Criminal Justice Paper on Corktown, Detroit Community

Description of the Community

Corktown, Detroit is a historical community located on the West of Downtown Detroit. Most of the residents are African Americans who account for 82 percent of the population with minorities being the Asian, Hispanic and native Hawaiians. Corktown has only 30% of working age group who range from 18 to 64 years. The community holds the second most dangerous place in the United States with most of the crimes related to homicide with 59.3 murders for every 100,000 people. In the year 2013, there were 295 murders and the number has increased significantly since then with 571 murders in the year 2017. Most of the crimes in Corktown are committed using a gun with a mindboggling 85% of all homicide murders executed using guns which has led to an inflated crime rate (Peak & Glensor, 2012).  Murder rate in Corktown is 9.6 times as compared to that at national level. Crimes related to property in Corktown is 1.7 times that of national average. Arson is also a major problem in Corktown with 876 cases of arson reported in the year 2018.

Major contributions to the high crime rate in the community is attributed to the high rate of unemployment in the community which results to most young people resolving to engage in criminal activities. There is also a high number of illegal arms possessed by individuals which poses a threat to the community. The high rate of drug and substance abuse is also a major contribution to crime in this community. Narcotics trade is famous in this community with most of the cartels widespread and operating anonymously. There is little attention by local and national authorities with most parts of the region lacking basic necessities and one would encounter stray dogs roaming on the streets at any instance.

Part 2

SARA Model

SARA model basically refers to a decision making model which uses analysis of solutions to a specific problem and thereafter evaluating the effectiveness of responses. The most important aspects of the SARA model incorporates scanning, analysis, response and assessment. Scanning pertains identifying selected problems that need to be addressed using data from police and any other reliable sources. Analysis involves identifying the causes of a problem. Response on the hand refers to determination and implementation of a response aimed at addressing a particular problem. Assessment refers evaluating the impact of responses used in addressing a particular problem.

How the federal, state and local Enforcement Officers Work and How SARA model applies To Community Policing

Federal, state and local law enforcement officers work together by pooling resources together. Law enforcement officials normally use collaborative efforts to avert crimes and make neighbourhoods safe. With partnerships, information is shared and possible actions suggested. The public and police are vital during collaborations as the public can easily give information to the police (Ortmeier & Meese, 2010).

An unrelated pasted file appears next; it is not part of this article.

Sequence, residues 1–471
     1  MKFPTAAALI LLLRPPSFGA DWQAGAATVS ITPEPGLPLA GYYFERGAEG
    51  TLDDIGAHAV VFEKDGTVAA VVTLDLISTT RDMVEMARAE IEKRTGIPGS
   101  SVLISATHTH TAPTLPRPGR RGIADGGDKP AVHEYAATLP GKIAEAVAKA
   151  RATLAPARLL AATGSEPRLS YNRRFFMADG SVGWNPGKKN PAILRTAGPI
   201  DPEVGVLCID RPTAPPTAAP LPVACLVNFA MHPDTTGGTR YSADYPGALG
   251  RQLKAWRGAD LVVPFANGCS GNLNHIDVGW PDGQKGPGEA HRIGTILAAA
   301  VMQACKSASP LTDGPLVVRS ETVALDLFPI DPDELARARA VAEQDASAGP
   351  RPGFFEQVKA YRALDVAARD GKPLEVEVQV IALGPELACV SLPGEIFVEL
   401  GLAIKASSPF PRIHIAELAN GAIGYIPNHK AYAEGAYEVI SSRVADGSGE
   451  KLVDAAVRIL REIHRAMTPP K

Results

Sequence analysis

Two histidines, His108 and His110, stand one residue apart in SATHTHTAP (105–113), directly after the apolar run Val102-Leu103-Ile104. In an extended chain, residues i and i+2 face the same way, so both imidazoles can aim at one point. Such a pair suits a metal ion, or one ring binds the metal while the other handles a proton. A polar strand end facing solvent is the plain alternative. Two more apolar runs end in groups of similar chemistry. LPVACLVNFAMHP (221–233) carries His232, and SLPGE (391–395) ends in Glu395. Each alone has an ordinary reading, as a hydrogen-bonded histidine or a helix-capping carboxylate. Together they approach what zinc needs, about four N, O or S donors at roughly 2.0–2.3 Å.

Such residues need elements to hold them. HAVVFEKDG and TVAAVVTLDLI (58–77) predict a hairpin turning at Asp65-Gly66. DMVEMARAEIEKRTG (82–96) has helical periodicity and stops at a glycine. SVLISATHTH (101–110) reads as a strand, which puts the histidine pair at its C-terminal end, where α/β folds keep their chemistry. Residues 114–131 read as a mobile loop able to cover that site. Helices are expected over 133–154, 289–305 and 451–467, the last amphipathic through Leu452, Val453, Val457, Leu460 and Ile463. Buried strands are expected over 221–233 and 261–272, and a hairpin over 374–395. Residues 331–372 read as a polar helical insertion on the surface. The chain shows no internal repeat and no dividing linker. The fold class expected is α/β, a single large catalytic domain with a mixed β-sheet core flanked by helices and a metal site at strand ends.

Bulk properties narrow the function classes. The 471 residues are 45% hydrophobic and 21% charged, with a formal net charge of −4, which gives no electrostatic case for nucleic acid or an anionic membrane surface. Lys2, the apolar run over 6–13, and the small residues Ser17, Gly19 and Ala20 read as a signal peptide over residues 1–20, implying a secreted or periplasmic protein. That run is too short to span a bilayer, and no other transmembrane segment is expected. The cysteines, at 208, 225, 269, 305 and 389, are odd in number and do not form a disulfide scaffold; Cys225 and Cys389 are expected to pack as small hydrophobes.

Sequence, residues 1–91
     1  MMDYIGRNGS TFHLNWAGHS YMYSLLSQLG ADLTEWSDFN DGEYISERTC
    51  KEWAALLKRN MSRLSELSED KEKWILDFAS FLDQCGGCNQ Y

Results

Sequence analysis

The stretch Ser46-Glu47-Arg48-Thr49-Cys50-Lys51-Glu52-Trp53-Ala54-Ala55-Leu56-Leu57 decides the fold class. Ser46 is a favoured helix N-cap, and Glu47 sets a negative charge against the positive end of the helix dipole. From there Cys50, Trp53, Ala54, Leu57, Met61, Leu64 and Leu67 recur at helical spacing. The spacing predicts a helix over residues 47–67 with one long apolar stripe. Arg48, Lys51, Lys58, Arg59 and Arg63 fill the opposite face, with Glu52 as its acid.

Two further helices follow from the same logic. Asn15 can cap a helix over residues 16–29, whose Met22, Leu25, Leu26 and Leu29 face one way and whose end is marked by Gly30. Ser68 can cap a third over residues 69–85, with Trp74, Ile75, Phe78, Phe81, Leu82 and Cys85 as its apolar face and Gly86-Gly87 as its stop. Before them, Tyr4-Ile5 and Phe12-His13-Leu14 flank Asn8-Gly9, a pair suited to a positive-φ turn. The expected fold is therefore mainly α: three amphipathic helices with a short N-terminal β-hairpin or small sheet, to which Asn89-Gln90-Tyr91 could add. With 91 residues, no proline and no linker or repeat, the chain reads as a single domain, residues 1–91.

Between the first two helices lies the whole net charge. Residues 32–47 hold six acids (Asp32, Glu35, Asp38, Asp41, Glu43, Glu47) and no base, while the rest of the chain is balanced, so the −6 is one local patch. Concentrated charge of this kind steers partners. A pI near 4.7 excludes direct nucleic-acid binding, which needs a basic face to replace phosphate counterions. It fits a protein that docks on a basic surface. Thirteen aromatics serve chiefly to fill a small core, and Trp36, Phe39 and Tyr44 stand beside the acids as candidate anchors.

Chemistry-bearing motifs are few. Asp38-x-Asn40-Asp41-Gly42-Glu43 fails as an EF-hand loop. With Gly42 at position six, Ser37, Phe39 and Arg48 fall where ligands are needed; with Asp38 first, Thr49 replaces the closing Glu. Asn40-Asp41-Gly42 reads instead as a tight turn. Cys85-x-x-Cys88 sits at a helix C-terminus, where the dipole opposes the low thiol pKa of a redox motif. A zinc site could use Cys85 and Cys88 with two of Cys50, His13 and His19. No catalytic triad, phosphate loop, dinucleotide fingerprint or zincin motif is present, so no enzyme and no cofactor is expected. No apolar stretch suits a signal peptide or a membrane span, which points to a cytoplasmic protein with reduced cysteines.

SARA model can be an effective tool in community policing and solving of problems in a given setting. The model requires law enforcement officials to look for issues within a district using collaboration means, determine the causes of the problems and respond to them using other integrated sources and thereafter take a retrospective look to ensure that the issue is solved. For instance, in the described Corktown community, officials could identify the high rate of crime as the problem. Some causal factors for the issue include high unemployment rate, drug and substance abuse and possession of illegal fire arms. Some of the information could be obtained from the public. Officials can endeavour to work with the national government to provide opportunities for employment. They can also set stringent policies to deal with drugs cartels and illegal firearms. Then, there can be an evaluation to see if the issue is addressed.

Why aModels of Partnership Cannot be Used in Every Jurisdiction

Partnership models may not always work especially in communities where there is an alarming rate of crime. Partners may not cooperate because of  high chances of threats. For instances, in areas with rampant drug trafficking, partnership models may not work because cartels may use threating as tool to reduce cooperation between the police, the community and non-governmental organizations. The partnership model works best in low rate crime areas.




Peak, K. J. & Glensor, R. W. (2012). Community Policing and Problem Solving Strategies and Practices (6th ed.). Upper Saddle River, NJ: Pearson Education, Inc.

Ortmeier, P. J., & Meese, E. (2010). Leadership, ethics, and policing: Challenges for the 21st                         century. Upper Saddle River, NJ: Prentice Hall.